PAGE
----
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Organic Materials as Soil Amendments in Reclamation: A Review of the Literature

  • Author(s) / Creator(s)
  • A review of pertinent literature was conducted to examine the effect of various organic materials when used as amendments to disturbed soil. The review was designed to be a reference document for government and industry staff involved in soil conservation and management of disturbed land. A literature base was established through extensive computer database and library searches and a survey of Alberta companies and government services was conducted to obtain information focusing on the use of organic amendments occurring in Alberta. Little of the literature dealt with the use of organic amendments specifically for land reclamation conditions similar to those found in Alberta. Organic amendments reviewed included animal manures, crop residues, peat, wood waste, sewage sludge, municipal yard waste, humates, vermicomposts and spent mushroom compost. The effect of these organic amendments on soil chemistry, soil physics and soil biology was examined. Organic amendment application, costs, longevity of effects, and use in reclamation were also examined. Benefits and drawbacks for each of the amendments was discussed. Adding organic amendments to soil quickly raises the level of soil organic matter, often resulting in improved biological, chemical and physical properties of the soil. Benefits of a single application of an amendment are not permanent. However, improved soil conditions provide a more favourable environment for plant establishment, critical for the buildup and maintenance of adequate soil organic matter contents. Growing plants provide a continual supply of organic matter inputs to soil. Organic amendments do not take the place of normal topsoil salvage, storage and replacement. An organic amendment may be required when topsoil degradation has occurred or on an old disturbance where no topsoil was salvaged. Type of organic amendment used depends on the purpose of the amendment, cost and availability, and location and future use of the reclamation site.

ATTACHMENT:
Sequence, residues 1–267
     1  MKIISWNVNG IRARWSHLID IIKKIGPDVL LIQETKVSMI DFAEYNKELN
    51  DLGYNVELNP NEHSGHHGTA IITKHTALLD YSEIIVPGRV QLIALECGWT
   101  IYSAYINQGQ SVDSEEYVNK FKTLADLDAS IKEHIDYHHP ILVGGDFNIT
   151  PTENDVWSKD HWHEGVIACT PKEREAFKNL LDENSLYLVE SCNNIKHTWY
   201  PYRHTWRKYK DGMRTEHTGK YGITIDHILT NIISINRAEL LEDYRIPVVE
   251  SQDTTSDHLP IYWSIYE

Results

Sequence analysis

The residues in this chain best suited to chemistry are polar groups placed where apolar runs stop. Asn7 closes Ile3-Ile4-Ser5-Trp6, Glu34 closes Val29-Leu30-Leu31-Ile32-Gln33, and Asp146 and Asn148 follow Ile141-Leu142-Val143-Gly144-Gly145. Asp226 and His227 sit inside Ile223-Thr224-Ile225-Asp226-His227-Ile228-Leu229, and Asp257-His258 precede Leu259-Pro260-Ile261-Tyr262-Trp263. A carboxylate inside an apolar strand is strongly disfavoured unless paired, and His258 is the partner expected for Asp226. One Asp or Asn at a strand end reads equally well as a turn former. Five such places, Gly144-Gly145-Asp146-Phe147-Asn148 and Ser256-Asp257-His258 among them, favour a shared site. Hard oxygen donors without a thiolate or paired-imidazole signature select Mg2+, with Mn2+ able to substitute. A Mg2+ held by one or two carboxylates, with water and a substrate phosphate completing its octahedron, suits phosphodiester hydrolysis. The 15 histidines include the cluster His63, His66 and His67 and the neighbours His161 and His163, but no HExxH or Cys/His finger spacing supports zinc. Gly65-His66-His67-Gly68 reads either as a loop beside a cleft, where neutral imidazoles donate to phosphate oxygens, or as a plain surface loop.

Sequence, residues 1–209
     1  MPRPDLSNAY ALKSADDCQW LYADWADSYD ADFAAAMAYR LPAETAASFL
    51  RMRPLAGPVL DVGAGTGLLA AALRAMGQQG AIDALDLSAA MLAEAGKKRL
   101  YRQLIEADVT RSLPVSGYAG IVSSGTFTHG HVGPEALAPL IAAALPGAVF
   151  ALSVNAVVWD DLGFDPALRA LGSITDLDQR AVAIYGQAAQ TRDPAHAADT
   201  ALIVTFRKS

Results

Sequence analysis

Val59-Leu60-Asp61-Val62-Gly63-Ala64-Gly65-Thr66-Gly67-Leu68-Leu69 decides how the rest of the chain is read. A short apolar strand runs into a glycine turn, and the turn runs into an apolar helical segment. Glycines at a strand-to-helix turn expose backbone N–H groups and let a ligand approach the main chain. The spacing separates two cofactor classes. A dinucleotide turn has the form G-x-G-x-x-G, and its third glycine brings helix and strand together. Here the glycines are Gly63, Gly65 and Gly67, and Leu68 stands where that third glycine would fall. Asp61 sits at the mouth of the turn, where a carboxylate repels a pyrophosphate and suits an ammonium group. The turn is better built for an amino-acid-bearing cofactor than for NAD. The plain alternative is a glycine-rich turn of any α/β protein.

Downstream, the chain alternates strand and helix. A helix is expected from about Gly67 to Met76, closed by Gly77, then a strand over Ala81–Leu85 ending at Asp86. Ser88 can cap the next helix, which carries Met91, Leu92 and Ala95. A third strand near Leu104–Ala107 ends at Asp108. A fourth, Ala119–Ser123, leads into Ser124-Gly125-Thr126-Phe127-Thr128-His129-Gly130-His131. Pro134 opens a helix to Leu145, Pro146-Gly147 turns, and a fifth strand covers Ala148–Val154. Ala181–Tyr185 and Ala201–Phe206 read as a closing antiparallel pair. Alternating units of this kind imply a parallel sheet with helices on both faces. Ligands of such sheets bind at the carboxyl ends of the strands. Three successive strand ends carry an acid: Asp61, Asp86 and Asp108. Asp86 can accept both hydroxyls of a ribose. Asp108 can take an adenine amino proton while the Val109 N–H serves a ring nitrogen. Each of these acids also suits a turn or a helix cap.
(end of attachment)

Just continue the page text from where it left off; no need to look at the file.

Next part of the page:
• Date created
    1993
  • Subjects / Keywords
  • Type of Item
    Report
  • DOI
    https://doi.org/10.7939/R3TQ5RH3Q
  • License
    This material is provided under educational reproduction permissions included in Alberta Environment and Sustainable Resource Development's Copyright and Disclosure Statement, see terms at http://www.environment.alberta.ca/copyright.html. This Statement requires the following identification: \"The source of the materials is Alberta Environment and Sustainable Resource Development http://www.environment.gov.ab.ca/. The use of these materials by the end user is done without any affiliation with or endorsement by the Government of Alberta. Reliance upon the end user's use of these materials is at the risk of the end user.